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Thread: First post / Prop sizing questions

  1. #11

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    Oct 2011
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    Interesting question. I read somewhere that prop efficiency was best at about 1800 RPM and as mentioned here the one blade prop is the most efficient. On the other hand there are modern turbine engines that are mostly pushing air that bypasses the jet engine. The turbines have multiple vanes turning at ~30,000 RPM. The vanes could be considered multiple blade props. So there is probably room somewhere between slow moving single blade props and very fast multi blade props that would be efficient at the peak hp range of a piston engine.

    There is the heat problem of running any engine at higher RPM's. My O320 run cooler at 2300 RPM as opposed to 2700 RPM. I needed a nice cool day to open it up and keep the CHT within reason. I'm pretty sure that if you put your automobile in a lower gear and got the RPM up to 4000 or 5000 RPM at highway speeds you'll probably have a heat problem.

    And there is that cowling problem behind the prop on most planes, except maybe the VariEze and derivatives. Maybe a smaller prop would be more efficient beside or behind the fuselage rather than in front of it. Just thinking out loud here.

    Having said all that, if they put the amount of engineering that goes into an automobile engines into airplane engines, we'd probably have better solutions. Rotax comes to mind. Nearly 90% of LSA's use the Rotax engine. Maybe there is a reason for that. Same hp at twice the RPM and half the weight.

    One final thought. The PT6 turboprop uses a unique solution of running the exhaust gases of the engine through a separate turbine that runs the prop at a much slower speed. Maybe what is needed is a torque converter to separate the prop from the engine.

    Any solution needs to be done quickly before fossil fuel powered engines become obsolete.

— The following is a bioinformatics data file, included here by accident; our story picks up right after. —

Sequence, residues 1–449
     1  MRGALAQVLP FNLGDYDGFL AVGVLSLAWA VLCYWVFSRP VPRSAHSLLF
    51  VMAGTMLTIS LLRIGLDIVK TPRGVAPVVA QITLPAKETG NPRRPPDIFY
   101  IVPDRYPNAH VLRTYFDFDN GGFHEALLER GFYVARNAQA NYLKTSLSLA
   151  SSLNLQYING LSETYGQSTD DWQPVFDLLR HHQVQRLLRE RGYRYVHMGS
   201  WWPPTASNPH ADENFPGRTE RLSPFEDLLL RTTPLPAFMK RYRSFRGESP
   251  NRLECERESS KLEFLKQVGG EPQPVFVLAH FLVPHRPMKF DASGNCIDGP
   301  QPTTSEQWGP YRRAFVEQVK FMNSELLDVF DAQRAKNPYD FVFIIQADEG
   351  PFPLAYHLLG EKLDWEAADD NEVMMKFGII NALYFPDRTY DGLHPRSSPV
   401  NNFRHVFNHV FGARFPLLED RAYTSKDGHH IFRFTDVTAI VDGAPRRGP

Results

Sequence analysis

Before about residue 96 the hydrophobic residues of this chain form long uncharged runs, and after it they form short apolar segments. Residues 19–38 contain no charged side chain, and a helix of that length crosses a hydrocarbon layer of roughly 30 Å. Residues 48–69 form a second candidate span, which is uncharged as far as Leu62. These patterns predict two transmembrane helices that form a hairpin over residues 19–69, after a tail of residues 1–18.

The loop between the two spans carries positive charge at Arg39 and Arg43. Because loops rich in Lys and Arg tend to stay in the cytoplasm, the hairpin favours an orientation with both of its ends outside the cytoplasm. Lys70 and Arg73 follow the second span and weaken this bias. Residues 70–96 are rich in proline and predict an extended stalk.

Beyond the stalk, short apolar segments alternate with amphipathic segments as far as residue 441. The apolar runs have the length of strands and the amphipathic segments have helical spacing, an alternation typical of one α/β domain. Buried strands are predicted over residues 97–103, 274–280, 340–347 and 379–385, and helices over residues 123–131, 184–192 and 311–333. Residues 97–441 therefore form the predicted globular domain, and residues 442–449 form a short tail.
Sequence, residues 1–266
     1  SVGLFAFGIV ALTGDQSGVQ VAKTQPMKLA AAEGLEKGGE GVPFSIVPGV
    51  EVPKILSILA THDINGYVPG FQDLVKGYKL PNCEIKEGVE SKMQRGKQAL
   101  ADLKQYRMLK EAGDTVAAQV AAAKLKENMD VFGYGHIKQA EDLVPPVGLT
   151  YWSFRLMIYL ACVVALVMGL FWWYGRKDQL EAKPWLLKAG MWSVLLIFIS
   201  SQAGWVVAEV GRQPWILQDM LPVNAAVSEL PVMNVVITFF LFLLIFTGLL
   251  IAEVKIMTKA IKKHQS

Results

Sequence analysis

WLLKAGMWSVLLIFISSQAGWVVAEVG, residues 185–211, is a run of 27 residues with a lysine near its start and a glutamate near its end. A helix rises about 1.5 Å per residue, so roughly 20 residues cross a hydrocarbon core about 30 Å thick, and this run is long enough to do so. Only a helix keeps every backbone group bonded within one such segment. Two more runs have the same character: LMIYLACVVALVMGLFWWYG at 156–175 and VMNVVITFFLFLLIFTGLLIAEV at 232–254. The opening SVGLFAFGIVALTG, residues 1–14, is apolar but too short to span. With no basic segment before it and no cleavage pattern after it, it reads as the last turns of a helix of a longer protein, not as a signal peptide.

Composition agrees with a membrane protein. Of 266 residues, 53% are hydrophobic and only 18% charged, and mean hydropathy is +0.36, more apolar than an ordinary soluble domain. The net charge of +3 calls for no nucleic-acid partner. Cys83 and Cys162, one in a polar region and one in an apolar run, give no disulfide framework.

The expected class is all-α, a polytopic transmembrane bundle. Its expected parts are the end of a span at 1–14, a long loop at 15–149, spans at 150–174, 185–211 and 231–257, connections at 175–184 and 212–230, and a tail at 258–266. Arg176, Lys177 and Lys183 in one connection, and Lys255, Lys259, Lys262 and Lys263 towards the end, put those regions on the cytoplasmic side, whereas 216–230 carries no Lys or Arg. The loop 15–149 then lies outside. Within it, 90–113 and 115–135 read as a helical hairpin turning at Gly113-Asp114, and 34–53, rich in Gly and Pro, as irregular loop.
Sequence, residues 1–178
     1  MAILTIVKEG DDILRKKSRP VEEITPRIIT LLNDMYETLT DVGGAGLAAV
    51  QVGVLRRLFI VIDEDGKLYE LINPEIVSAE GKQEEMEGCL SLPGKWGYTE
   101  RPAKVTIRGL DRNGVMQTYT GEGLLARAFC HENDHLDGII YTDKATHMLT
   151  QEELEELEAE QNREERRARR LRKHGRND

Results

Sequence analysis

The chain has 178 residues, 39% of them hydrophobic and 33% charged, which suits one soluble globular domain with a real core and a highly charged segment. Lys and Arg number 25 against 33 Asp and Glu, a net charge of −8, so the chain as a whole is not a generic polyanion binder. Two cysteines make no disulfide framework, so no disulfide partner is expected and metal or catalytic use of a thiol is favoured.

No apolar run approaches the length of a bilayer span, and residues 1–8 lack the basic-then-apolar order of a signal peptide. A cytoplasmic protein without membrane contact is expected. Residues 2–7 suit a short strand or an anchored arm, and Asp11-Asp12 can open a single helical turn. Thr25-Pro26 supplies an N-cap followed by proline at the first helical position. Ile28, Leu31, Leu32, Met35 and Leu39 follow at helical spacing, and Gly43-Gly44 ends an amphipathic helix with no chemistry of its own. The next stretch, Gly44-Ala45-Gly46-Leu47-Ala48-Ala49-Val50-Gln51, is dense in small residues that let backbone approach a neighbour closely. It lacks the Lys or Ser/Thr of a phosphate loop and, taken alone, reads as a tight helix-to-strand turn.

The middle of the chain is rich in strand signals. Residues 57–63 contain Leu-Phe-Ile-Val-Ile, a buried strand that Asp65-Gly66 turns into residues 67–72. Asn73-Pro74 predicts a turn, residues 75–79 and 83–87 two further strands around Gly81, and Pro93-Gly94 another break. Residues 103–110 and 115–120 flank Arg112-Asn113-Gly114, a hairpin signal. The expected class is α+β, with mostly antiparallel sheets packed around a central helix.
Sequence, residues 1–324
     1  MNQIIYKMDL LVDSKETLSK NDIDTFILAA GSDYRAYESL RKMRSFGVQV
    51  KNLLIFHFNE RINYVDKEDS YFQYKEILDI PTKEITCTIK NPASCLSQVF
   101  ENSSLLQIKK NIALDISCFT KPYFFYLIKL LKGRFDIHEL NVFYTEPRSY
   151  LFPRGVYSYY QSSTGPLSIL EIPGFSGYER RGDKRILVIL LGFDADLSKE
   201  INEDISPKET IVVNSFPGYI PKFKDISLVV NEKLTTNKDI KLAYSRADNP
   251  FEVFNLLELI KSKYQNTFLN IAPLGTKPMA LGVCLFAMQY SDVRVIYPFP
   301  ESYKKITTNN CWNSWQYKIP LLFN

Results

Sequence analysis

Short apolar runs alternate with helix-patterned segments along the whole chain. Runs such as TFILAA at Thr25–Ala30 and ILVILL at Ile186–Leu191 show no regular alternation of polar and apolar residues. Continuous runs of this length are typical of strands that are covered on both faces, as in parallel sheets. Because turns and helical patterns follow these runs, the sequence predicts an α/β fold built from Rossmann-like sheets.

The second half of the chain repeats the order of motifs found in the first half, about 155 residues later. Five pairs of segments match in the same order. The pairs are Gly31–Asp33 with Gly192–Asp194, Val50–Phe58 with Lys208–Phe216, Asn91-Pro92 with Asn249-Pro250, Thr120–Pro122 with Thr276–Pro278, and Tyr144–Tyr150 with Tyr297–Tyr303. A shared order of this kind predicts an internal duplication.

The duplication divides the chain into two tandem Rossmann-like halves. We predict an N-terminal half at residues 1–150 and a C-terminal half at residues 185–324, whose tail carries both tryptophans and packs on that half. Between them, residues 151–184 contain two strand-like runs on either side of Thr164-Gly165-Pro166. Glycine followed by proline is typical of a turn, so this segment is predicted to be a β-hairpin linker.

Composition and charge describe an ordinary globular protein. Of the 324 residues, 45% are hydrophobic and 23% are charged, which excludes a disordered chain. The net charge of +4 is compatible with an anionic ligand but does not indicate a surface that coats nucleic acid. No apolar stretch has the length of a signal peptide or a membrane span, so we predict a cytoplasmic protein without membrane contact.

2. #12
    Eric Page's Avatar
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    Quote Originally Posted by mmarien View Post
    On the other hand there are modern turbine engines that are mostly pushing air that bypasses the jet engine. The turbines have multiple vanes turning at ~30,000 RPM.
    I think you're confusing two parts of a jet engine: the fan that pushes bypass air and the turbine that drives it. Rotational speed varies somewhat from model to model, but roughly speaking the N1 fan on a typical airliner engine spins at somewhere between 2,200 and 3,000 RPM. The N2 compressor spool spins in the neighborhood of 10,000 RPM and the turbine spool at ~25,000 RPM. The fundamental difference is that the N1 fan is pushing air -- that is, functioning like a propeller -- while the turbine is being driven by hot gasses.
    Eric Page
    Building Kitfox Series 5
    Member: EAA, AOPA, ALPA
    ATP: MEL / Comm: SEL, Glider / ATCS: CTO
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  3. #13
    SOLIDWORKS Support Volunteer Jeffrey Meyer's Avatar
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    Propeller vs Impeller, incompressible vs compressible flow, extremely low rotor solidity vs extremely high rotor solidity. Completely different engineering design criteria.
    Propellers are rotating wings. the free-air wing tip contributes zero lift to the wing - not some lift, not a little lift, zero lift. On the other hand, the tip of an impeller blade contributes a major portion of the lift. This is because the shroud (or duct, or whatever you want to call it) around the impeller prevents radial flow of the air that then tries to flow tangentially around the blade. To prevent that tangential flow we put another blade very close to our blade - so close that the air has no choice but to flow in the axial direction of the rotor. This "no choice" is called "pressure". We are now working in the compressible regime rather than the incompressible regime of a free-air propeller, and the closeness of the blades is called the "high solidity" of the impeller.
    And last but not least, on a bypass turbofan, the diameter of the first stage bypass rotor is bigger than the inside diameter of the intake duct. This helps to smooth the transition from incompressible flow to compressible flow.

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